3. The fastest way to build your network is by following others. A good place to start is with your Vanderbilt MSTP peers (https://twitter.com/VanderbiltMSTP/lists/current-students/members?lang=en) who are already on Twitter. But most of Twitter is built on loose associations, so it is perfectly acceptable to follow (or follow-back) someone you may not know in real life.
  4. Find your groups. Often, groups of users with shared interests will organize around a hashtag. For instance, MD-PhD students started #DoubleDocs in March 2018 to identify themselves and conversations pertaining to physician-scientist training. Another use of hashtags is that groups may use them to sponsor regular tweetchats (i.e. #WomenInMedicine, Sundays 9-10 PM EST), journal clubs (i.e. the fortnightly #NephJC), or conference content (i.e. #ASCO2018). So, following a few hashtags can help you make connections in areas of interest to you. You can search for healthcare-related hashtags by topic at https://www.symplur.com/.
  5. Retweet others. Retweeting is the best way to help others’ tweets gain visibility and share something interesting with your followers. Retweets are fast, free, and engender reciprocity. Also, retweets (but not likes) can be cataloged and tracked as part of its alternative metrics (as with www.altmetric.com), that show where published papers have appeared in the news and social media. What’s not to love?
  6. Use pictures. Tweets with multimedia get close to three times as many engagements as those with text alone.2 You can add multiple images to a tweet, so tweeting out several figures can be an effective way to demonstrate the results of a paper. Also, adding a picture enables you to tag up to 10 accounts without using up your character limit, which is nice for tagging co-authors to alert them about your tweet.
  7. Pin a tweet. You can pin a tweet to the top of your profile by clicking on the drop-down menu in the corner of a tweet. This is useful for featuring research or upcoming events that you’d like to share with people visiting your account.
  8. Stay organized. Under your profile, you can create lists of people whose content you’re interested in seeing. The list serves as a newsfeed exclusively of the accounts you’ve added. Public lists are visible to anyone on Twitter and the people added to public lists are notified that they’ve been added to your list. Private lists are visible to you alone, meaning that even those included on the list cannot see it or know that they’ve been added.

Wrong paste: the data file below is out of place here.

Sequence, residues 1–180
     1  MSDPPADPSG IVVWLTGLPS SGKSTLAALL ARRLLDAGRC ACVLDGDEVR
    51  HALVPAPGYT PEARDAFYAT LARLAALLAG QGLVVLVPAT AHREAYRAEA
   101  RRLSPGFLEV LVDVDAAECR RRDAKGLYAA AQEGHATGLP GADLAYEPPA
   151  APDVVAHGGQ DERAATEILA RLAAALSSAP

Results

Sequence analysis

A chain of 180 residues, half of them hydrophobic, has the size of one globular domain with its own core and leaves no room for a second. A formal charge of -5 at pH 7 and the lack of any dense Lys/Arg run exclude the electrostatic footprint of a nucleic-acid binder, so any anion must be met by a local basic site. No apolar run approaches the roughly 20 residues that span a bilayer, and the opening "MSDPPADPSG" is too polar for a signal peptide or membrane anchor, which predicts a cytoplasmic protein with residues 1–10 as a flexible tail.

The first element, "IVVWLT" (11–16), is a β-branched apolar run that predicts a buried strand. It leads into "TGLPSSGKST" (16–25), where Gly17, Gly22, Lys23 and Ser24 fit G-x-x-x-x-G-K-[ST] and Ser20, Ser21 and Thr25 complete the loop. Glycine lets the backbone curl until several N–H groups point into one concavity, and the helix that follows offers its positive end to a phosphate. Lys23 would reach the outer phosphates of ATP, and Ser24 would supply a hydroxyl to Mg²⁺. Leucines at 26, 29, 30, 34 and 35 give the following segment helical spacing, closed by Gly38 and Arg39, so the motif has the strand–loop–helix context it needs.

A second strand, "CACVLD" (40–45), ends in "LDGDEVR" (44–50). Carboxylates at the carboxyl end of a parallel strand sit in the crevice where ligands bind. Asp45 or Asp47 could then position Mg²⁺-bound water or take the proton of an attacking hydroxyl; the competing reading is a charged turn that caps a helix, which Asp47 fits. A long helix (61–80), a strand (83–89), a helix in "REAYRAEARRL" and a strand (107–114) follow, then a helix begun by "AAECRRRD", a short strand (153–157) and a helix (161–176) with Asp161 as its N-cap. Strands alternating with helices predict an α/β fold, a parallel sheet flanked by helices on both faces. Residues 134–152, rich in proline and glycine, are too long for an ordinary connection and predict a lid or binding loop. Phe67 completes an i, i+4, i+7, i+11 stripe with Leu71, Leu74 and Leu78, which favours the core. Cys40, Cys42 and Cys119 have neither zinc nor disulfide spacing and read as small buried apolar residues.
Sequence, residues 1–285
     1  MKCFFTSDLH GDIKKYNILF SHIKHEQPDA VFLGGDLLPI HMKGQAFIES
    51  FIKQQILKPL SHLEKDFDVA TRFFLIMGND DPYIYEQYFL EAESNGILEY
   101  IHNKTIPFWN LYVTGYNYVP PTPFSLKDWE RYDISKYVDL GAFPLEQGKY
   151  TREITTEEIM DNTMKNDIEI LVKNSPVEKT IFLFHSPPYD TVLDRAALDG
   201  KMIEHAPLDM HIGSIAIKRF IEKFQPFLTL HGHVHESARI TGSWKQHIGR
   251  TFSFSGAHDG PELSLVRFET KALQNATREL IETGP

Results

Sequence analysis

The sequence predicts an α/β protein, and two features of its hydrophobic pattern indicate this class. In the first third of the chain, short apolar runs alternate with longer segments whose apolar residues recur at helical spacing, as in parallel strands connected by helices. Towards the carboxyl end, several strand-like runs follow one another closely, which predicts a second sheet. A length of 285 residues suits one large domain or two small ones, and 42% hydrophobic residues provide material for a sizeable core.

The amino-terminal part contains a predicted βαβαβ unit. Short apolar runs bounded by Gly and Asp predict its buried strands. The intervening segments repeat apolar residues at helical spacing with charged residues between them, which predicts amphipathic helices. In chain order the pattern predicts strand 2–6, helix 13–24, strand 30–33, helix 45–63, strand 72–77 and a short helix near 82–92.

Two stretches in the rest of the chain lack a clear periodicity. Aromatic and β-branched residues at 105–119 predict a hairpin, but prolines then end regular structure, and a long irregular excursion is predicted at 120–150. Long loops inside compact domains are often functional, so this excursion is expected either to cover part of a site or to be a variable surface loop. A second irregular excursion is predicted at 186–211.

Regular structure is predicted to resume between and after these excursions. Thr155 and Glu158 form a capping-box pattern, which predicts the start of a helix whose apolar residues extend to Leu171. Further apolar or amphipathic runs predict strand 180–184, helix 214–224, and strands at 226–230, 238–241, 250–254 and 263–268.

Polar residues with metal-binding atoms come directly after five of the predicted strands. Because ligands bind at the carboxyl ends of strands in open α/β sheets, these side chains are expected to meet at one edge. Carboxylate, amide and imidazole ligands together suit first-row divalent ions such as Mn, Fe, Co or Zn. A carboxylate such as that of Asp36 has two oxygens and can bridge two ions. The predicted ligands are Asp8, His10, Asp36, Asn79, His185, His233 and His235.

9. Come for the science, stay for the public engagement. If your goal on Twitter is to engage a wide audience, don’t be discouraged if it seems like you’re stuck in a science-medicine bubble. If you’re a scientist on Twitter, it’s likely that your followers are largely other scientists until you reach an inflection point of around 900 followers. After that point, scientists on Twitter are increasingly followed by people representing outreach organizations, the media, the public, and even decision-makers in business and government.3

I hope this has given you a taste for the various ways in which Twitter can be used and some strategies that will help you make the most of your time there! If you’d like to learn more about the use of Twitter in academic medicine, here’s a good place to start: https://www.tandfonline.com/doi/full/10.3109/0142159X.2014.993371.4 Questions about anything here? Come find me in person or on Twitter (@AlexSilverMSTP). Happy tweeting!

  1. Chretien KC, Tuck MG, Simon M, Singh LO, Kind T. A Digital Ethnography of Medical Students who Use Twitter for Professional Development. J Gen Intern Med. 2015;30(11):1673-1680.
  2. Madrigal E, Jiang XS, Roy-Chowdhuri S. The professional Twitter account: creation, proper maintenance, and continuous successful operation. Diagn Cytopathol. 2017;45(7):621-628.
  3. Côté IM, Darling ES, Heard SB. Scientists on Twitter: Preaching to the choir or singing from the rooftops? https://doiorg/101139/facets-2018-0002. 2018.
  4. Choo EK, et al. Twitter as a tool for communication and knowledge exchange in academic medicine: A guide for skeptics and novices. Med Teach. 2018;37(5).